�Metabolic syndrome� in the brain: deficiency in omega-3 fatty acid exacerbates dysfunctions in insulin receptor signalling and cognition

January 1, 2012 Human Health and Nutrition Data 0 Comments

�Metabolic syndrome� in the brain: deficiency in omega-3 fatty acid exacerbates dysfunctions in insulin receptor signalling and cognition

Year: 2012
Authors: Agrawal, R Gomez-Pinilla, F.
Publication Name: J Physiol
Publication Details: DOI: 10.1113/jphysiol.2012.230078


We pursued studies to determine the effects of the metabolic syndrome (MetS) on brain, and the possibility of modulating these effects by dietary interventions. In addition, we have assessed potential mechanisms by which brain metabolic disorders can impact synaptic plasticity and cognition. We report that high-dietary fructose consumption leads to an increase in insulin resistance index, and insulin and triglyceride levels, which characterize MetS. Rats fed on an n 3 deficient diet showed memory deficits in a Barnes maze, which were further exacerbated by fructose intake. In turn, an n 3 deficient diet and fructose interventions disrupted insulin receptor signalling in hippocampus as evidenced by a decrease in phosphorylation of the insulin receptor and its downstream effector Akt. We found that high fructose consumption with an n 3 deficient diet disrupts membrane homeostasis as evidenced by an increase in the ratio of n-6/n-3 fatty acids and levels of 4hydroxynonenal, a marker of lipid peroxidation. Disturbances in brain energy metabolism due to n 3 deficiency and fructose treatments were evidenced by a significant decrease in AMPK phosphorylation and its upstream modulator LKB1 as well as a decrease in Sir2 levels. The decrease in phosphorylation of CREB, synapsin I and synaptophysin levels by n 3 deficiency and fructose shows the impact of metabolic dysfunction on synaptic plasticity. All parameters of metabolic dysfunction related to the fructose treatment were ameliorated by the presence of dietary n 3 fatty acid. Results showed that dietary n 3 fatty acid deficiency elevates the vulnerability to metabolic dysfunction and impaired cognitive functions by modulating insulin receptor signalling and synaptic plasticity. (Authors abstract)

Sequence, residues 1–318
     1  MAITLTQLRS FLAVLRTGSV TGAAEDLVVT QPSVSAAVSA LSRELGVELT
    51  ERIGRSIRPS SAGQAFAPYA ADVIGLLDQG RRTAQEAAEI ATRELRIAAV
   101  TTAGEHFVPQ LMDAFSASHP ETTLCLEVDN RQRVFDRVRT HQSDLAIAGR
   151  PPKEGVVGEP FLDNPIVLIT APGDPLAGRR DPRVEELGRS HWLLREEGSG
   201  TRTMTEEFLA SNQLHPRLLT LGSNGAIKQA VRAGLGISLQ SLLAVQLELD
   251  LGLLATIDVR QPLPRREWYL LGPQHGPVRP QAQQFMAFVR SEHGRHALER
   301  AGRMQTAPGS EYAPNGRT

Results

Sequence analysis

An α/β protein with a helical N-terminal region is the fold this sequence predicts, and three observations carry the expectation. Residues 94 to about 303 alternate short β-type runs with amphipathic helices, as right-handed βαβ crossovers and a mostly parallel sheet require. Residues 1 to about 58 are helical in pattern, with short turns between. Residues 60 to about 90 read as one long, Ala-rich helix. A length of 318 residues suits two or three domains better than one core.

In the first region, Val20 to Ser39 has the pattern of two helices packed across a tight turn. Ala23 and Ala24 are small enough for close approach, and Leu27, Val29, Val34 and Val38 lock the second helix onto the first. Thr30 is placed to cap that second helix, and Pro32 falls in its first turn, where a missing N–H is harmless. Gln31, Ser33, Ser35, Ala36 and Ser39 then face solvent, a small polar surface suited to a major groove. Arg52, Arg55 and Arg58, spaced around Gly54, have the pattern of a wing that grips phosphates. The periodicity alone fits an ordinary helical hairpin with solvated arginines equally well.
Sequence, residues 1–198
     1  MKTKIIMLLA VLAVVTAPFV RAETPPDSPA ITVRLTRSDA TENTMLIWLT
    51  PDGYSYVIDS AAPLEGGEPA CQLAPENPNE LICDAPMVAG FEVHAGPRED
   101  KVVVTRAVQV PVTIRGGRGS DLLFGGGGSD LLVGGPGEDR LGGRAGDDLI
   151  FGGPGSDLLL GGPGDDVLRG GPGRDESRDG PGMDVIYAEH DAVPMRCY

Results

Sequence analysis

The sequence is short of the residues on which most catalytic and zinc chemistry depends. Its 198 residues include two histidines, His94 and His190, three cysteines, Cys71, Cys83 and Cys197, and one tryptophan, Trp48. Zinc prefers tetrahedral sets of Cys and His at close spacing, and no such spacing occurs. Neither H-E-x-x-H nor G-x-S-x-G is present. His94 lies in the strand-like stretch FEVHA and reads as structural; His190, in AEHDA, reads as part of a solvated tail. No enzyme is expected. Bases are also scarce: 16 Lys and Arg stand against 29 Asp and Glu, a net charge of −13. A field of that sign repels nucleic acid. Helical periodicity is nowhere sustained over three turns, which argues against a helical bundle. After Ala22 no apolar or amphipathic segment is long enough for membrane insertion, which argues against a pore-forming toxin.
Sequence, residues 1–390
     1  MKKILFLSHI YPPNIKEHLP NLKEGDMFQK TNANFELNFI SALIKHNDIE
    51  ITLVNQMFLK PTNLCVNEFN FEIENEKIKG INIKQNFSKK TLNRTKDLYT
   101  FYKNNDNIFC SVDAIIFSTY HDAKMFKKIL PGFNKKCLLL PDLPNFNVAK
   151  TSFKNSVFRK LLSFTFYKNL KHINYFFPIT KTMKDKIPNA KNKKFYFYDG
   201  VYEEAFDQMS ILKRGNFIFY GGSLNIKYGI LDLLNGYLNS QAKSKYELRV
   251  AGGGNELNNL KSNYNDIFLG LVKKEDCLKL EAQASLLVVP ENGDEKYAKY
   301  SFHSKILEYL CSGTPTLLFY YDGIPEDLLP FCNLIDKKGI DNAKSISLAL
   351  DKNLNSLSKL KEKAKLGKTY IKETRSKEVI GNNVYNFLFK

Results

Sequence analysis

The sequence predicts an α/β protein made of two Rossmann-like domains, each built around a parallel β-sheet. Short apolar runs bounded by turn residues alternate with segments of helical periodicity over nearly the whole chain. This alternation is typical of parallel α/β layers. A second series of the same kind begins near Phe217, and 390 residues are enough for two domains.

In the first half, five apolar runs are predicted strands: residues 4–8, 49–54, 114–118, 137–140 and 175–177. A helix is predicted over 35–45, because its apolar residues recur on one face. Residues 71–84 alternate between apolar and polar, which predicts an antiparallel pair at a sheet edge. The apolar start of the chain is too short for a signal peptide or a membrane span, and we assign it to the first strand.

The rise in consumption of high caloric foods has triggered an explosives urge in metabolic syndrome (MetS), known for its effects of increasing morbidity and negatively impacting life expectancy. Metabolic disorders such as diabetes and obesity increase the vulnerability to mental illness; however, the mechanisms that link cellular metabolism and mental health are poorly understood. The North American diet is very high in sugar and high fructose corn syrup including soft drinks, candies, desserts, and processed foods. The average American�s consumption of high fructose corn syrup amounts to about 35 pounds in a year, with cane sugar totaling another 47 pounds. Abundant consumption of fructose is an important contributor to the metabolic syndrome, typically characterized by hyperinsulinaemia, hypertension and hypertriglyceridaemia. Research has shown a connection between these sugars and metabolic conditions such as obesity, elevated triglycerides and diabetes. This study investigated the association between high sugar intake and mental health.  Over a five-day period, two groups of rats were trained twice a day, to navigate a maze. Then, for a subsequent six week period, the rats were fed a fructose solution in place of drinking water, while the second group was also given one gram per day of the omega 3 fatty acid docosahexaenoic acid (DHA) and flaxseed oil (a rich source of omega 3 alpha-linolenic acid). Considering brain tissue is roughly 40% DHA, it was postulated that the  chemical connections between brain cells affecting learning and memory might be protected from the effects of fructose by the omega 3 fatty acids. After six weeks, the rats were tested as to their ability to recall landmarks that enabled them to navigate the maze and escape. The omega 3 fed group was able to recall the exit route and escape the maze faster than the group receiving only sugar. The brains of the rats were later examined. The rats fed only fructose had brains exhibiting signs of declined synaptic activity, as well as signs of insulin resistance, which regulates synaptic function and controls blood sugar. The scientists concluded that diets high in sugar and high fructose corn syrup disrupt memory and learning, however omega 3 fatty acids can help, at least partly, offset the disruption. Dietary n3 fatty acid deficiency compromised molecular mechanisms important for the maintenance of metabolic homeostasis, with subsequent effects on cognitive abilities. In particular, the deficiency of n3 reflected a decline in spatial memory in proportion to the intensity of the index of insulin resistance, and all parameters were further aggravated by an increase in the fructose intake. Increased consumption of fructose, particularly when combined with the DHA deficiency, resulted in hyperinsulinaemia, hyper-glycaemia and an increase in triglyceride (TG) levels. Further, the n3 deficient diet elicited a significant increase in n6/n3 ratio alone or in the presence of fructose. The increase in the ratio n-6/n-3 observed in the group of animals fed on n3 deficient diet and fructose might be indicative of a substitution of n-3 by the n-6 in the membrane, which may alter membrane fluidity. The results suggest that the lack of dietary n-3 fatty acids predisposes the organism to MetS, promotes brain insulin resistance, and increases the vulnerability to cognitive dysfunction. (Editors comments)

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